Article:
THE ESTABLISHMENT - using the word in its broadest sense - always understood that Huntingdon Life Sciences should be saved, as it finally was over the weekend. National newspapers said so. The Government knew with every fibre of its being, as all its predecessors would have asserted, that the right to undertake lawful business activities should be protected. People-managing City institutions would accept the principle. And finally, Huntingdon's customers - major pharmaceutical companies that are legally required to have their products tested on animals - how could they be other than supportive?
Yet for many months, Huntingdon received no help. Its staff continued to be abused, threatened and assaulted. The local police appeared incapable of maintaining the peace. Government ministers said nothing, did nothing. Royal Bank of Scotland repeatedly gave the company more time to repay its loans but would have put it into receivership this weekend. Other financial institutions involved with the company - Phillips & Drew, WestLB Panmure, HSBC - deserted. Some big customers held back orders.
What is the explanation? I think we need a fuller account than the simple accusation of cowardice. Indeed, I hope those making the charge are sure of their own courage. And certainly it requires courage to stand up to the intimidation routinely practised by animal- rights activists. For their methods resemble those used by Stalin during the Great Terror of the 1930s - punish not just the "guilty" but their families as well. Setting cars on fire, sending bombs through the post, making abusive phone calls to employees' homes - this is terrorism, pure and simple.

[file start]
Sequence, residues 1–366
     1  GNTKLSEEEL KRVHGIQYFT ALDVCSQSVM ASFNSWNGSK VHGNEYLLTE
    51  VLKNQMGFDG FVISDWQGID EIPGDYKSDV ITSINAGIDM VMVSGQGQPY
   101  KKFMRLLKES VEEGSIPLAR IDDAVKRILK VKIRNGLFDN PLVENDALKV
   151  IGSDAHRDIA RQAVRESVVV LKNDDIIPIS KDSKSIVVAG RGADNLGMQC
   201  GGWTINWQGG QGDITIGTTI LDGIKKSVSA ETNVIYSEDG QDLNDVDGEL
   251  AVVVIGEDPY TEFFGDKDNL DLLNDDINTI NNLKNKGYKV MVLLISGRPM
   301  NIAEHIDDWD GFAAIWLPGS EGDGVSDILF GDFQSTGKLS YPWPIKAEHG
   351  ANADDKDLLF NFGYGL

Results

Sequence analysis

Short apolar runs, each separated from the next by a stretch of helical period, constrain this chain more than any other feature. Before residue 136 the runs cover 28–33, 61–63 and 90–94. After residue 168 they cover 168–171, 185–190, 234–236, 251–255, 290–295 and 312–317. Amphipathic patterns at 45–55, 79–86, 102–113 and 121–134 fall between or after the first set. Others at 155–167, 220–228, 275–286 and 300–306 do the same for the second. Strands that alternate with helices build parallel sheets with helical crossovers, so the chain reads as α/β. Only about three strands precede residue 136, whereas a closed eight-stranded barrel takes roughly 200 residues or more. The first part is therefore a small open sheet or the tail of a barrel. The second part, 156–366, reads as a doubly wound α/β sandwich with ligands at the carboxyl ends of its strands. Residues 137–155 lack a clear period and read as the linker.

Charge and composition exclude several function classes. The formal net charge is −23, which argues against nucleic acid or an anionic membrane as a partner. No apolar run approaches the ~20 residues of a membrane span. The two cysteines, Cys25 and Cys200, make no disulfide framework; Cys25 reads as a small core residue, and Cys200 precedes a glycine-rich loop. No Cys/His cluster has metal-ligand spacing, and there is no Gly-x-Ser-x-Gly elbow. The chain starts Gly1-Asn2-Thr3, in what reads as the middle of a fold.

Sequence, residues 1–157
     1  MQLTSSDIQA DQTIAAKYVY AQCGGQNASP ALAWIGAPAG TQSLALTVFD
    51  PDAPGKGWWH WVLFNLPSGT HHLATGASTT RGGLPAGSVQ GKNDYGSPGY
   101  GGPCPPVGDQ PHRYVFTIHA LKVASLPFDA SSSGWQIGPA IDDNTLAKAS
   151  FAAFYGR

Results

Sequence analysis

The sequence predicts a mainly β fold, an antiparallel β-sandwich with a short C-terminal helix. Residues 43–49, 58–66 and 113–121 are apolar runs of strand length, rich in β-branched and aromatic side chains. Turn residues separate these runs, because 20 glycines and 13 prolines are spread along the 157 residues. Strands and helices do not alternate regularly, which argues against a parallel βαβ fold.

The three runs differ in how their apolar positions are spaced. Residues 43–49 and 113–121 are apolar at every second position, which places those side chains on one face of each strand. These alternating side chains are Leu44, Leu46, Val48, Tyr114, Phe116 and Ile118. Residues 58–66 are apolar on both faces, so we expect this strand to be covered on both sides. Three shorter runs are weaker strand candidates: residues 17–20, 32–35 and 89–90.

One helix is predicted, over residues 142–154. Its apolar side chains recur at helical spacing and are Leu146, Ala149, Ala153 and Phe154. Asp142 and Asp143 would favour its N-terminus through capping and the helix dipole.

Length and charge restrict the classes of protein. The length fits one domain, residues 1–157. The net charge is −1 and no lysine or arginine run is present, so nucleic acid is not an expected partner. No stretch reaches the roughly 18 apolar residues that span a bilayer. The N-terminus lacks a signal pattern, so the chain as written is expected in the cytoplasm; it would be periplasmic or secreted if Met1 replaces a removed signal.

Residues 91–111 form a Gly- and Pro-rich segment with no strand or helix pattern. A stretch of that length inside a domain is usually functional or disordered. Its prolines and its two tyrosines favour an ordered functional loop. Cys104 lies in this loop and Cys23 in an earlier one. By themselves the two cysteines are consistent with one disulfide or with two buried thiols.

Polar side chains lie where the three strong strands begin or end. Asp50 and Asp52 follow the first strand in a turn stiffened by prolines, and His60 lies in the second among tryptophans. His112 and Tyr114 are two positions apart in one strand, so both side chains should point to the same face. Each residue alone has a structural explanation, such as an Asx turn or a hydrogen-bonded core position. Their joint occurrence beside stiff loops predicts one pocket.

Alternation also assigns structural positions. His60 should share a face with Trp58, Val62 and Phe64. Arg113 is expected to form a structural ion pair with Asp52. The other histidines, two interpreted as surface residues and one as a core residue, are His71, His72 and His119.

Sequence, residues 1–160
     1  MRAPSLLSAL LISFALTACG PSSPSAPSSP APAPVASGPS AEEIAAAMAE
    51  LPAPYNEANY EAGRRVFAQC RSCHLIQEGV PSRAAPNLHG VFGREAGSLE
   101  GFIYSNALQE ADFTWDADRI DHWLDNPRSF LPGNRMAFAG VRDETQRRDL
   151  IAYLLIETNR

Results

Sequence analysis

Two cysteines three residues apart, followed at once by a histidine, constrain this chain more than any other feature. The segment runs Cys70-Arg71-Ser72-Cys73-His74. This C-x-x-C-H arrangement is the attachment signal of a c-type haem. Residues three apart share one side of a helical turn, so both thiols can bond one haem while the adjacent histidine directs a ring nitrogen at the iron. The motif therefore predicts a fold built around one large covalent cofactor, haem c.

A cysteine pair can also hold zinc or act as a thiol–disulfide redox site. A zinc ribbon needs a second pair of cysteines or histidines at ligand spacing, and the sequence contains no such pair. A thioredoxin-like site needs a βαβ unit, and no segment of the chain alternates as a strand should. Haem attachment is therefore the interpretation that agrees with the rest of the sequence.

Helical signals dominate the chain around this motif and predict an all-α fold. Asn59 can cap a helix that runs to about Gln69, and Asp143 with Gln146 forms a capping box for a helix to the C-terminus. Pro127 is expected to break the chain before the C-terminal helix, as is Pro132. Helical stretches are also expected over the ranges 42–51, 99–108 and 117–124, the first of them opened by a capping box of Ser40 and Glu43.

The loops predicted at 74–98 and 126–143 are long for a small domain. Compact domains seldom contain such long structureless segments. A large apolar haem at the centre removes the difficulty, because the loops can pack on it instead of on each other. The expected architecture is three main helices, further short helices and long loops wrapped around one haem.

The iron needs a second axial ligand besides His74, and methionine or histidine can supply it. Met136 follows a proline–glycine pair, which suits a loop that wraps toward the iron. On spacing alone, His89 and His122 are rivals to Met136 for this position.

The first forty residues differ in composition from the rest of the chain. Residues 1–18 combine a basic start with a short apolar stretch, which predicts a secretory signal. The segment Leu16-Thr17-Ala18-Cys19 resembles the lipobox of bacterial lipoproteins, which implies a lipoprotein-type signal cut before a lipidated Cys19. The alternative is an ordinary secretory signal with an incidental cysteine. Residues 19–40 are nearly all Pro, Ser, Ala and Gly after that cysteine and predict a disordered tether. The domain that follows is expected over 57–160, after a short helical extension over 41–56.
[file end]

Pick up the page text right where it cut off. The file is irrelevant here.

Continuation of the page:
Although Phillips & Drew, Panmure and HSBC (the old Midland Bank) have provided no explanation for their actions, one can suppose that it was the fear of intimidation that was uppermost in their minds. Rather than calling them cowards, I want to ask a question. Is it right to subject staff to such a risk without having consulted them about the principles involved and making sure that they are prepared to sustain the pressure? Huntingdon was very marginal business for these financial groups. Employees, therefore, had no economic interest to protect. I would say that their action was understandable.
Can one be equally sympathetic to Royal Bank of Scotland's predicament? It has yet to be proved to me that the bank acted dishonourably. Directors and staff were subjected to terrorist threats and they put up with them. …